To impress upon him the importance of learning not only his lines but those of the people on stage with him, I related a story from my high school stage management days when an student had skipped two pages of script in a tech heavy show. His line was the cue for about ten lighting and sound cues and we had to adjust everything very fast to catch up but we did it and the cast followed. While the audience knew that something had happened, they weren’t sure what. To add to the story, the sound operator in the story was also the father of one of my son’s now classmates so it was twice as relatable.

As they got closer to performance dates (and we learned that we actually were allowed to attend them), we helped him find an appropriate costume, based on the teachers’ requests, from our closets. We got a note one day that he had done a great job being a stage manager that day, keeping track of who was in what scene and writing down props. My heart skipped. Second generation stage manager? Oh, boy!

Last week was his show. Three daytime performances and one evening. The first time I went, the sound operator from the story was also there to see his daughter, which felt like everything was coming full circle. My son had a great time. He was adorable on the stage, remembered his lines, spoke clearly, did all of his stage directions correctly and the only thing that I could see him struggling with was not giggling at his friends. He made a point to tell me afterwards that he didn’t look at me a lot because he knew he wasn’t supposed to. I was excited to see it a second time with my daughter and husband and see their reactions.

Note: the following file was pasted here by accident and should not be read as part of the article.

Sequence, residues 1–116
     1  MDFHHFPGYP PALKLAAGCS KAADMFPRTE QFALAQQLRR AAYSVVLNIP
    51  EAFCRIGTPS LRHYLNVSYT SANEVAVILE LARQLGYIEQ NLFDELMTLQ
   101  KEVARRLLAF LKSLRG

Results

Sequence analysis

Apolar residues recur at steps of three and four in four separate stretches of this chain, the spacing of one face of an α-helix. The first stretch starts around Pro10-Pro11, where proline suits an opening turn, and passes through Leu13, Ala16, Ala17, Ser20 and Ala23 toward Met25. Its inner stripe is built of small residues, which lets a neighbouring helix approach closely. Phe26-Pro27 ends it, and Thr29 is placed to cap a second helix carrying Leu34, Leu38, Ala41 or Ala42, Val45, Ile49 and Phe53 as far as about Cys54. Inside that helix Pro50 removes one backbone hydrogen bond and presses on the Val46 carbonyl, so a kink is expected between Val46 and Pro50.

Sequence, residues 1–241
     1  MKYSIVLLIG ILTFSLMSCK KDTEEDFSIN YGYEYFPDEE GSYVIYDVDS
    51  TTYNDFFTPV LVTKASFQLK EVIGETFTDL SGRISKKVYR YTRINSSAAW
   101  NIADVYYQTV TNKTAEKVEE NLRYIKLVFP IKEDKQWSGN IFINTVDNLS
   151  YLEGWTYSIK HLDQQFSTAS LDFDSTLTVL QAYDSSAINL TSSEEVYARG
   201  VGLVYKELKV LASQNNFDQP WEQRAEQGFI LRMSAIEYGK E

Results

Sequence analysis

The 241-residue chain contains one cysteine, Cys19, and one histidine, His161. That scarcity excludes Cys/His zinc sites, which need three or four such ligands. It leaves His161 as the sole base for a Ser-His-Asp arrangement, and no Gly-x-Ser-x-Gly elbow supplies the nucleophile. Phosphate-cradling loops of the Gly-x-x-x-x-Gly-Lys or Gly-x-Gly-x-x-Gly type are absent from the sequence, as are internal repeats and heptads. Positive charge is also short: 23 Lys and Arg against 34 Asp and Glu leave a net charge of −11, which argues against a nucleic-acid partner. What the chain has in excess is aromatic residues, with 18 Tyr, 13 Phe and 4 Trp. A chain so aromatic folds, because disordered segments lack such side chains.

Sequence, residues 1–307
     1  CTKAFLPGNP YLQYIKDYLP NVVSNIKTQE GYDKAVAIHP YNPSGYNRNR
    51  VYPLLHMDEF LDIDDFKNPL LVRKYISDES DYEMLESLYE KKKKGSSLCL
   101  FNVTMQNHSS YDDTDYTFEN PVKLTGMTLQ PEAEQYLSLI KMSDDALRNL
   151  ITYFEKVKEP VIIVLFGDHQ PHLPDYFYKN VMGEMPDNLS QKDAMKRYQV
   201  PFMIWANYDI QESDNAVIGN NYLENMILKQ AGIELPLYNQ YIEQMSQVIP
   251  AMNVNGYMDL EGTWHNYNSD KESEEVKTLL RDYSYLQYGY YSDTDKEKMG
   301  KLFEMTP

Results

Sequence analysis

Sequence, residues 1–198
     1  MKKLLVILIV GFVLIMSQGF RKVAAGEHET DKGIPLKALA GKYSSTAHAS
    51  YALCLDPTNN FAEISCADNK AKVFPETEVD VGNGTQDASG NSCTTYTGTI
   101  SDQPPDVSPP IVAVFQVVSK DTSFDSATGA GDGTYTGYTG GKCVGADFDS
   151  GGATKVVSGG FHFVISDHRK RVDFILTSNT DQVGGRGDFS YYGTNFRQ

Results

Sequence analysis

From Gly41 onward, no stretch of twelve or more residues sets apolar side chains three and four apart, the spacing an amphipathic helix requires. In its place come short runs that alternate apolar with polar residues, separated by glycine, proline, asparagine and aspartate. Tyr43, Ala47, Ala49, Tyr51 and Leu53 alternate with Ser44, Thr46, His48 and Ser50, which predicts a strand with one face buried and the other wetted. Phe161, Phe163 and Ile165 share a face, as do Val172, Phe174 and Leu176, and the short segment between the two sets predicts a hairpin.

We reminded my daughter multiple times that she was not to say the lines that she had learned during the show. My son warned her about a couple of startling parts (in scenes that we hadn’t been reading) so she wouldn’t be scared. My daughter was right in front and, once, in between scenes, my son went to hug her. He was so happy she was there. I was so proud of him but I was also bummed because this had been such an important journey for the two of us and it would be over.